Like so many people, my mind isn't at ease just before bed.
I can sleep for seven to eight hours, but wake up feeling irritable and foggy. It's because I didn't give myself the opportunity to quiet my brain.
So I again placed some importance on breaks.
Dalton-Smith recommends that people "schedule short breaks to occur every two hours throughout [their] workday." But as many parents know, this is very seldom possible. So I adapted this to a structure that works for my day.
With the lack of work-life balance in many people's lives right now, it's easy to throw yourself into more assignments, workshops and meetings. Because you have to do something, right? But I've chosen to break from that routine by stepping away when I can. I'm not militant about times, but I just know that my goal is to step away.
Another thing I do is mentally unload before I get into bed. In a voice memo. I say everything on my mind, whether it's about my writing, family — whatever I need to get off my chest and out of my mind, I say in this voice memo. It's a good exercise for me, and I've noticed it has helped.
But I'm trying many things. I've even adopted a mindset of not over-booking. It's very easy to want to fill our days as much as possible, but what that tends to amount to is back-to-back days, and stacked weeks. You wouldn't workout seven days a week without a rest day — my brain needs those rest days, too.
Social and Emotional Rest
This is something I was exploring even before the pandemic.
Dalton-Smith says this section is important for determining the differences between those social interactions that are enjoyable, and those that are exhausting.
What social and emotional rest means to me is being authentic around the people I surround myself with. Not performing, just being me. My goal in this regard is to speak candidly, without shame. And to say no to things, and not just agree for the sake of agreeing. This is not about being contrarian — for me, it's about not feeling the stress of trying so hard, and overthinking.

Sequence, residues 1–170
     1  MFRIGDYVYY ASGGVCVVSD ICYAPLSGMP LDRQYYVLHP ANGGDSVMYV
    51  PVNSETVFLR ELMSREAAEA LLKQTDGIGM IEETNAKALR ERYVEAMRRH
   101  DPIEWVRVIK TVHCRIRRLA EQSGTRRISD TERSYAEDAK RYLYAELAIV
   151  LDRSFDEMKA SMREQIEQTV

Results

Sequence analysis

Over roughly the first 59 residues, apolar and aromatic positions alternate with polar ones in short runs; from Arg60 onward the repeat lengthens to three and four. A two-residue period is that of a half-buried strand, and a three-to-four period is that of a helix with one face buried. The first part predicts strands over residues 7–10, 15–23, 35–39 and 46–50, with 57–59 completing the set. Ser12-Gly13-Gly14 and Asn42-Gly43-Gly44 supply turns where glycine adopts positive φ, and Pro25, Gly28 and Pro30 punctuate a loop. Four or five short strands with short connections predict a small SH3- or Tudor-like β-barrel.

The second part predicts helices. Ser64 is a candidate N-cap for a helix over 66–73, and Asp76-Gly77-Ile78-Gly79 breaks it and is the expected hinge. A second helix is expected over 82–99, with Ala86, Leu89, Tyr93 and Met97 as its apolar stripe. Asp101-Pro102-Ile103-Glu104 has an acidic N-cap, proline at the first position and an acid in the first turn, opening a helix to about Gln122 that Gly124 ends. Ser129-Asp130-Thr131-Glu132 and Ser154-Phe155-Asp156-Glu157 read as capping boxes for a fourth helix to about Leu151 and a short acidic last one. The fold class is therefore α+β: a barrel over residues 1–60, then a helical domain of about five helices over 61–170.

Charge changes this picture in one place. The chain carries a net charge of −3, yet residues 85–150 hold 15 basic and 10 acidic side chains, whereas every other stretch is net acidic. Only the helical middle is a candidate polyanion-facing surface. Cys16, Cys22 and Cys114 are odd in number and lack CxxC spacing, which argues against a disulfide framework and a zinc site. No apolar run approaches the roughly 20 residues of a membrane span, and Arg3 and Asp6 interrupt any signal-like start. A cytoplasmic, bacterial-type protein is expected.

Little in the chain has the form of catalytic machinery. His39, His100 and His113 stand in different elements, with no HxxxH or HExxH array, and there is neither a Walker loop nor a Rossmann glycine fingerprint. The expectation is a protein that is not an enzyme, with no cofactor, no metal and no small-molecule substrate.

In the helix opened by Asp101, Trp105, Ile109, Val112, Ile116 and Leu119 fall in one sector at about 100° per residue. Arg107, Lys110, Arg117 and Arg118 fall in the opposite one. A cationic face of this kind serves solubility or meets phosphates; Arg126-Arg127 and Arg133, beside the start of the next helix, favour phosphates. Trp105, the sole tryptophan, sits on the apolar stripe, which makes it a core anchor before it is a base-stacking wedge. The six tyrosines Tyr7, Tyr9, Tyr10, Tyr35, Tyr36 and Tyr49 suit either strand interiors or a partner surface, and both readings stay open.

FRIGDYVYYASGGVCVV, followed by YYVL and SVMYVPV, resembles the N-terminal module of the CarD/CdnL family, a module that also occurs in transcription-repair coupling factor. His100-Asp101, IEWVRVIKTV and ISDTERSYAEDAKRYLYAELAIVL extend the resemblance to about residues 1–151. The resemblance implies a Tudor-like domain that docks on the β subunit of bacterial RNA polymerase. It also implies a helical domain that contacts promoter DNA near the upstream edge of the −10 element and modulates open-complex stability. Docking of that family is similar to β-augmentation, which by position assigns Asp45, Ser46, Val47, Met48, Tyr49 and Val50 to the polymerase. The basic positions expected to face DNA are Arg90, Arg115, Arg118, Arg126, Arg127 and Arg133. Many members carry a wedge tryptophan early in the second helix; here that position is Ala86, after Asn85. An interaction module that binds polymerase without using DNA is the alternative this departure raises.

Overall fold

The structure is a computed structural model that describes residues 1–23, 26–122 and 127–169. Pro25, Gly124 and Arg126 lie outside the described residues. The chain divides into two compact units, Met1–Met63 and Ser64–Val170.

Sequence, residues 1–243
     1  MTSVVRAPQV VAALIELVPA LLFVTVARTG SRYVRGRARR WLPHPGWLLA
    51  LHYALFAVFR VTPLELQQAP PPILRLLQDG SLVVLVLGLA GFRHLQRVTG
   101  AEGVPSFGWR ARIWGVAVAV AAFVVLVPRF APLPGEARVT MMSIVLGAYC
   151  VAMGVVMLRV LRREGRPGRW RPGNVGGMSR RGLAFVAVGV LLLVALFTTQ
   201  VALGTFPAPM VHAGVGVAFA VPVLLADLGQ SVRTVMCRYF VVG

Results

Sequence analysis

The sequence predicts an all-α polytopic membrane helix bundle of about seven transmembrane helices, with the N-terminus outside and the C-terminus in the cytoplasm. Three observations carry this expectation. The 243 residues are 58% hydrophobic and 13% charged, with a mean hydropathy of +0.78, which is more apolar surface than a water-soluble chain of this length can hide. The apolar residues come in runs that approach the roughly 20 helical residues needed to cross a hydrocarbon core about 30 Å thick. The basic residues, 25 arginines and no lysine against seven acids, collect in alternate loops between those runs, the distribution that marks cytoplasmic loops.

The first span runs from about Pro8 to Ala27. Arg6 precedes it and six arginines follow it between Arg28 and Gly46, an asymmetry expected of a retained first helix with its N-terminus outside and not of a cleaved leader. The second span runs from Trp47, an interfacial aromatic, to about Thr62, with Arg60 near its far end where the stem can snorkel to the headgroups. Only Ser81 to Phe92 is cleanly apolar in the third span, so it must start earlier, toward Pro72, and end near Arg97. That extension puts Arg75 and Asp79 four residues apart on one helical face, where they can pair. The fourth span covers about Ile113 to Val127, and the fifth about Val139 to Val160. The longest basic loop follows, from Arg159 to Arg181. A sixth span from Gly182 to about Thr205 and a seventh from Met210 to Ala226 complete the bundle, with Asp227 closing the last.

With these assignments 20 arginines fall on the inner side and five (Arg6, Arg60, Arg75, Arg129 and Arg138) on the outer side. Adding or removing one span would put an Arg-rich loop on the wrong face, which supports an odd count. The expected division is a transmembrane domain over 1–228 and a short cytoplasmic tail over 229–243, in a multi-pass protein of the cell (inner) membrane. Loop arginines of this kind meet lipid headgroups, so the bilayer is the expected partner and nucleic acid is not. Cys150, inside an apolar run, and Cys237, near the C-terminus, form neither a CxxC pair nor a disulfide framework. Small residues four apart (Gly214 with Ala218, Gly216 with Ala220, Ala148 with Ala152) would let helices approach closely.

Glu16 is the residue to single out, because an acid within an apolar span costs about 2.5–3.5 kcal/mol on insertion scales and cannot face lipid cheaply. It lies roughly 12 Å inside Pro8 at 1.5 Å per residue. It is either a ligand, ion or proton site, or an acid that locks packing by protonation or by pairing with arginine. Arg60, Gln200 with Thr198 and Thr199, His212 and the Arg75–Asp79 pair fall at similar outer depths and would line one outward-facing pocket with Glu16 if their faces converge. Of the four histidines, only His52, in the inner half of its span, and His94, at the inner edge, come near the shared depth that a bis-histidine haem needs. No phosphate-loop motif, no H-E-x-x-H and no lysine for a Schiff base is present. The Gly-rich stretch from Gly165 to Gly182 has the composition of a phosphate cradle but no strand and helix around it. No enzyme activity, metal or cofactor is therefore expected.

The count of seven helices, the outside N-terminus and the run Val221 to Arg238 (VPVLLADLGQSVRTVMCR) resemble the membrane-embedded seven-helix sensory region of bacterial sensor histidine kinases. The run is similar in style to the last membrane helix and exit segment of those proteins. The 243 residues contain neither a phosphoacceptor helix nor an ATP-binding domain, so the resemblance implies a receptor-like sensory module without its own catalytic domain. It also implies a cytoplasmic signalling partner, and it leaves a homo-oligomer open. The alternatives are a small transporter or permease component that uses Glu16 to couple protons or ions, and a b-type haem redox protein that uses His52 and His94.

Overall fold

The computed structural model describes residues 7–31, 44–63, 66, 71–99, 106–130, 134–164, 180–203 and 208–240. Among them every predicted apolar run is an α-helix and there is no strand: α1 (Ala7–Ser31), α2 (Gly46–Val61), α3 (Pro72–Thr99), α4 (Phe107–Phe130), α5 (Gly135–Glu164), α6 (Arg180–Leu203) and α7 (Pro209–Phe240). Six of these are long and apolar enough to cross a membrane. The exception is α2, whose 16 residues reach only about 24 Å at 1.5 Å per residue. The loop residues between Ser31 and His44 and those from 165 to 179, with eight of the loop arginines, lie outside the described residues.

I found that once I decided to live more in this way, to "live out loud" as some people say, I was seeing myself surrounded by people who were encouraging and understanding. They were OK with the no, and there was no social gymnastics with the goal of toxic positivity. And that puts my mind at social and emotional rest.
Little ones having trouble getting to bed? The Psychology Foundation of Canada writes here about sleeping strategies for young, active minds.
Another holdout from pre-pandemic life, spiritual rest is just one of those efforts I use to feel a bit more grounded.
And this could mean many things to many people. Dalton-Smith recommends prayer, meditation and community involvement — the latter of which can be challenging outside of Zoom right now.
What I've discovered is that for me, praying, meditating and even just stillness are effective ways of getting into a more restful state.
It's funny to think of how rest used to only mean one thing to me. A solid eight hours.
But in a moment of stress and exhaustion, I started reading.
And what I've learned is that there are so many tanks that need to be filled in the world of rest, that focusing on just one may not necessarily have the outcome you're seeking. I know, because that's exactly what I was doing and I always felt winded, foggy and groggy.
As parents, we don't always have the time to do the research, but I'm glad I took some time to explore the many facets of rest, because now I have tools that work for me. And after applying what I've learned, and using these tools, I don't feel like I've been run over by a truck every morning — at least not every day.